NDIA states that service agreements may be entered into between the Participant and the Provider or between another person (such as a family member or friend) and the Provider.  In a recent report, the Victorian Office of the Public Advocate (OPA) rejected this view. The takeover bid stipulates that a service contract can only be signed as a legal contract with the legal authority of the participant or an appointed replacement decision-maker with appropriate powers, who has understood and accepted the terms of the contract. Potential replacement decisions are a plan applicant, guardian, administrator (also known as a financial manager in some jurisdictions) or attorney if the terms of the service contract are governed by their legal jurisdiction.  Persons without formal authorization to act on behalf of the participant, such as.B. a supporter or lawyer is not authorized to enter into a service contract on behalf of the participant, but they can help a person understand the terms and conditions of the agreement.  Our support coordination workshops are often dominated by discussions about what should be in an NDIS service contract, which should have one and which should sign one. Many service contracts are unnecessarily complicated, but when we talk about simplification with providers, there is reluctance for fear of non-compliance. But in a scheme based on choice, control and the presumption of capacity, perhaps the opposite could happen. Many suppliers are rapidly developing this human rights policy or a brilliant charter to meet standards like this. But if we cannot even properly lay the foundations for a fair agreement, with what authority do we declare our commitment to equal human rights? We`ve all seen these 57-line service agreements that you have to interpret by a lawyer. They wrap an organization in an air cushion film while depriving the most vulnerable party, the participant, of any protection.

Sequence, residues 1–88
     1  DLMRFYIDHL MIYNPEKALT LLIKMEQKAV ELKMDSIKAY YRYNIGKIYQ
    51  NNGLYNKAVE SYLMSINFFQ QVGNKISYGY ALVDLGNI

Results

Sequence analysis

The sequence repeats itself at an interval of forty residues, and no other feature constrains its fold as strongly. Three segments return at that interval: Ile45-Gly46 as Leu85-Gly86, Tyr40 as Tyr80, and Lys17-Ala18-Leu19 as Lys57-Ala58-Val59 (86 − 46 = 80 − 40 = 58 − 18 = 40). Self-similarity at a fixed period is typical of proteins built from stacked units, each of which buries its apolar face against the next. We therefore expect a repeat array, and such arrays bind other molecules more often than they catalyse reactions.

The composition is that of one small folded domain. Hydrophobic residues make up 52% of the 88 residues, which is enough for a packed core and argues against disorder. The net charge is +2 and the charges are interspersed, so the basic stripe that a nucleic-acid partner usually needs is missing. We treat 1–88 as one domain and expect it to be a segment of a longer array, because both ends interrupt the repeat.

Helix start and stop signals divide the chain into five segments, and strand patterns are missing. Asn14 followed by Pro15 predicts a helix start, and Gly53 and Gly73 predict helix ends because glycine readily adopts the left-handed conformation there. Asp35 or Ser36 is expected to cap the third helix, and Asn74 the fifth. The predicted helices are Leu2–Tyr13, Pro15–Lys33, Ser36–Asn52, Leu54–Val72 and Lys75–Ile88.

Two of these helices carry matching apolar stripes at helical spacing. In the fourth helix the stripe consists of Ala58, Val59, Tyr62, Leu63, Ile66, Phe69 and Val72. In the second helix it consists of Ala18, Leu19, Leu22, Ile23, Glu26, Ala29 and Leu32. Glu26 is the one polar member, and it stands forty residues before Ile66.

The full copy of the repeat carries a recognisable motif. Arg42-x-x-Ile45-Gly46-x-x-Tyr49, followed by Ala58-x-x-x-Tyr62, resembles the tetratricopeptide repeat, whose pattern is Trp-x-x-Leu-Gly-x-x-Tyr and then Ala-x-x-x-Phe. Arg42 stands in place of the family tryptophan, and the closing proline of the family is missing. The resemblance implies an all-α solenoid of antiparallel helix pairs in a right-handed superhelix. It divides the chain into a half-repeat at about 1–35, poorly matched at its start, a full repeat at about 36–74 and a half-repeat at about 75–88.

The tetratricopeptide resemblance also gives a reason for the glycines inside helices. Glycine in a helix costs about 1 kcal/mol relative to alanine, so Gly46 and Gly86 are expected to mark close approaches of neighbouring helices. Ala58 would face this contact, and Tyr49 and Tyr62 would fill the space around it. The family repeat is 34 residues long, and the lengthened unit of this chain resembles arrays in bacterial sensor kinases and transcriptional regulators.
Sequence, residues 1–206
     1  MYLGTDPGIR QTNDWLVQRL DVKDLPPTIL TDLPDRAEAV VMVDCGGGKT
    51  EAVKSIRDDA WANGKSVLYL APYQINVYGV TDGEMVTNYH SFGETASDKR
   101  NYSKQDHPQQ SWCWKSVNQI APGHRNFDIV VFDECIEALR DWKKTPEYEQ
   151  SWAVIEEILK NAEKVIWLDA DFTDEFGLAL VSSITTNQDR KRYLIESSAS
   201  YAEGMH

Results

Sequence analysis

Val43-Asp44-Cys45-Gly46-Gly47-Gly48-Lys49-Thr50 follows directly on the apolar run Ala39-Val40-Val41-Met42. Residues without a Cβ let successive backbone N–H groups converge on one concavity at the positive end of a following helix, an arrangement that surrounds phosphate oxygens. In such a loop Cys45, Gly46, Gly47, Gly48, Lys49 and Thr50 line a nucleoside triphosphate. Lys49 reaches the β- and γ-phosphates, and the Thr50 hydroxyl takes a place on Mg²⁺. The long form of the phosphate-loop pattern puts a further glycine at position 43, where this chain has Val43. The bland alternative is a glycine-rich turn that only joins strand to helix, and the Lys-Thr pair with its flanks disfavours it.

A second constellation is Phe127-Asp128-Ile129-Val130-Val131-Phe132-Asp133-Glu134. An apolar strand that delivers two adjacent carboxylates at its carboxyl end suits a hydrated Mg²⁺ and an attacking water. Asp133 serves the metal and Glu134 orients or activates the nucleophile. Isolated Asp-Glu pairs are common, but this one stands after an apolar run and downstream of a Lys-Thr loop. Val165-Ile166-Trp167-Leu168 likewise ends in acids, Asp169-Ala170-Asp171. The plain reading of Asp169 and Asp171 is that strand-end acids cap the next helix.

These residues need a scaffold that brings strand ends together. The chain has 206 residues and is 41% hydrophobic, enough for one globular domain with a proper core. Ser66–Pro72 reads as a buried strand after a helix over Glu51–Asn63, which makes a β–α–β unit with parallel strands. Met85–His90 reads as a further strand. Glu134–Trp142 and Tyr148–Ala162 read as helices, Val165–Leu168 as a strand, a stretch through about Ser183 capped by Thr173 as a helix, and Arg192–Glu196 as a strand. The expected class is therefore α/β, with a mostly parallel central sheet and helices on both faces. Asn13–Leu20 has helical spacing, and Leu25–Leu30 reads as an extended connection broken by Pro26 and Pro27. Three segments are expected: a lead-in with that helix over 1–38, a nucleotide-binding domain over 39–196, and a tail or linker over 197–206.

A lawyer can only sign a service contract if he or she has appropriate decision-making authority (he or she may have financial or personal affairs skills or both).  We are talking here in general, there are additional requirements regarding service agreements concluded for assisted independent living providers (SILs) and specialised accommodation for the disabled (SDA) which we will discuss shortly in our Quality and Safeguarding newsletter. Meeting communication needs and making deals with people in alternative formats is a good practice, just think about how you can prove the deal.. . .